cancer patient resting in hospital lobby

The achiness and fatigue leave Anne moving slower than normal.

I accompanied Anne as she made a special visit to give it to him.  We met her good friend also going through treatment for lunch.  Listening to them talk gave me such an appreciation for their doctors and nurses.  Every single patient is unique in their diagnosis, treatment, and side effects.  What a huge heart every oncologist must have to provide each patient with specific, targeted, completely individualized care.  Their talk gave me greater respect and admiration for all cancer fighters.  Because each diagnosis is so unique, it is easy to feel alone in the fight.  It makes me happy Anne has found a friend to share the journey with her.  It also made me realize how often we see a bald head and think “cancer” and we assume we know what they are going through based on our past experiences. This is what Anne was worried about before shaving her head: being seen as a diagnosis (see blog post).  I have learned through my time with Anne, those assumptions may be false.  Your experience could be completely different than what the person in front of you is going through.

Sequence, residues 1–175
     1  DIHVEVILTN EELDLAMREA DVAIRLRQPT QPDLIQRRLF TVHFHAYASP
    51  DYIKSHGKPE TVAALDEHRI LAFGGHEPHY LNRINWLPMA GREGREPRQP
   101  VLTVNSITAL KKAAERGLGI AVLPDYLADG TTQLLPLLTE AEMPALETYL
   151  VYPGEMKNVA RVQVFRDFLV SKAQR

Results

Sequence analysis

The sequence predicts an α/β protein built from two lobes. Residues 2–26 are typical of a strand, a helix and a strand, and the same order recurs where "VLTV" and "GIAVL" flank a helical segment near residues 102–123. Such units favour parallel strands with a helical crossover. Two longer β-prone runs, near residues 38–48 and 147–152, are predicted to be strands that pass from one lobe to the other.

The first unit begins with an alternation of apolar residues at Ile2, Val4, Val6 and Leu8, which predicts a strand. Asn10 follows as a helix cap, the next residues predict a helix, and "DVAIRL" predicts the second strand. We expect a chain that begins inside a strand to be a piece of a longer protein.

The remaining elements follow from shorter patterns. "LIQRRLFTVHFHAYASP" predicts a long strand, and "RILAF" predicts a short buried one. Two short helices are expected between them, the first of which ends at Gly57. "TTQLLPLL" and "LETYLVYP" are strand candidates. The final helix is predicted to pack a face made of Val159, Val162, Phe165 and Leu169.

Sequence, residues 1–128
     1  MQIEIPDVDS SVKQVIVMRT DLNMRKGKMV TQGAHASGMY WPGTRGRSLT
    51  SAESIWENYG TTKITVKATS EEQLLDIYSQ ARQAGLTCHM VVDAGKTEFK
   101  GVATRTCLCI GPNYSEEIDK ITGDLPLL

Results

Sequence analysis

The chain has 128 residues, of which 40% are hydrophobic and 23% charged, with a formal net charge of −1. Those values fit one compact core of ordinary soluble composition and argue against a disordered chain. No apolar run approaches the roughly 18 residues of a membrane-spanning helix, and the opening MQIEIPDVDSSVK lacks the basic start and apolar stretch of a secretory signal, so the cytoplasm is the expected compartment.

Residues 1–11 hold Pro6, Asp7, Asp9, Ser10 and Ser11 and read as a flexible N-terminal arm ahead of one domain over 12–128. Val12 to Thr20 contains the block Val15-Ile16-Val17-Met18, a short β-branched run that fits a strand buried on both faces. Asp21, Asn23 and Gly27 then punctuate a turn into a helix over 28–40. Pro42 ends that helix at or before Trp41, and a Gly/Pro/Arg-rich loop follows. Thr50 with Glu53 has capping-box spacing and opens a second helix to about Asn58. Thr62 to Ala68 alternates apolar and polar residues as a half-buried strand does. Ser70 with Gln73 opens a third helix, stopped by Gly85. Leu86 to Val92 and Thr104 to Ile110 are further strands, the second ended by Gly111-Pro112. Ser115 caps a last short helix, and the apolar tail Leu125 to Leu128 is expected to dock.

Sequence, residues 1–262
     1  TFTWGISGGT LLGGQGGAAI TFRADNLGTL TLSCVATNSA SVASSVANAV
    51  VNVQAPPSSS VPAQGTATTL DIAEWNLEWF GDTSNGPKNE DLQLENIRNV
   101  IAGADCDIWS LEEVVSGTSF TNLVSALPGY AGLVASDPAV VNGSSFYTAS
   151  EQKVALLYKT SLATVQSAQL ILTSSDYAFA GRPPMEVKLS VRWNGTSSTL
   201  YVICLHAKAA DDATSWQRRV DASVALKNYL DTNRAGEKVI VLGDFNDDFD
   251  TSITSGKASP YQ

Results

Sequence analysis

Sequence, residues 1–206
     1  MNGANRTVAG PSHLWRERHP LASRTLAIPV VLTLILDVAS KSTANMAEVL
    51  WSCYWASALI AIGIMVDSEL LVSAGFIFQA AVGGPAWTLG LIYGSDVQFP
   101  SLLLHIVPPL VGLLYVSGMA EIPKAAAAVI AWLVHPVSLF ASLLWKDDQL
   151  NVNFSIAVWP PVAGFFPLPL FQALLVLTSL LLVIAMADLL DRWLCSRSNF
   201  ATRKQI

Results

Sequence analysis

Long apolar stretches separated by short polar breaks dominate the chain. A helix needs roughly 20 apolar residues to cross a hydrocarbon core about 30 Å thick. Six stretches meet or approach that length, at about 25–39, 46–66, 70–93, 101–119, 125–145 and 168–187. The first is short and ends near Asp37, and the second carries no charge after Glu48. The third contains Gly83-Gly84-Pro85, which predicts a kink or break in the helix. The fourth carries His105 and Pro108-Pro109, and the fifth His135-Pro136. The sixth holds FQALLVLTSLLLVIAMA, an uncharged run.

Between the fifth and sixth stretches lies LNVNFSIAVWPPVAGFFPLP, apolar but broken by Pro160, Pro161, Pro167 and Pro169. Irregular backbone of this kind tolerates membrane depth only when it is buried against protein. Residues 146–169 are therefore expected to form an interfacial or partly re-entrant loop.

On our way from the hospital cafeteria to her special appointment, Anne’s legs were very sore and she needed to rest.  (We learned later the soreness is from her Neulesta injections which increase white blood cell production to help boost her immune system.)  After her quick checkup, Anne unpacked her bag of goodies to include homemade hot fudge sauce, the framed print of the tattoo design, and a handwritten letter.  In the letter, Anne knew if she credited him personally with saving her life, he would deny it.  Instead, she explained how she views him as an extension of God’s hand, guiding her through this journey.  There was not a dry eye in the room.

cancer patient and doctor reading letter

Anne hand wrote a letter to her doctor expressing her gratitude for all he does.

 

cancer survivor tattoo design, phoenix rising, LMS ribbon

Anne explains the significance of her tattoo design to her doctor.

What is next?

The next couple months should look much like August.  Chemo, scans, injections, routine blood work, and managing side effects, while trying to maintain a “normal life.”  Anne is going to try to be as active in her son’s school activities as possible, attending band and soccer events.  She passed on some of her volunteering positions to others.  It was a hard decision because she loves to be involved in those groups but knows that right now she just needs to focus on herself.

Follow Anne’s Journey with LMS

Anne’s Story: In Memorandum

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Jennifer Jones of Sparkson Photography is a documentary style family photographer specializing in family, newborn, and school portraits. Serving Kitsap County, WA and surrounding area.

Sparkson Photography

Jennifer Jones of Sparkson Photography is a documentary style family photographer specializing in family, newborn, and school portraits. Serving Kitsap County, WA and surrounding area.

Contact me to book a session.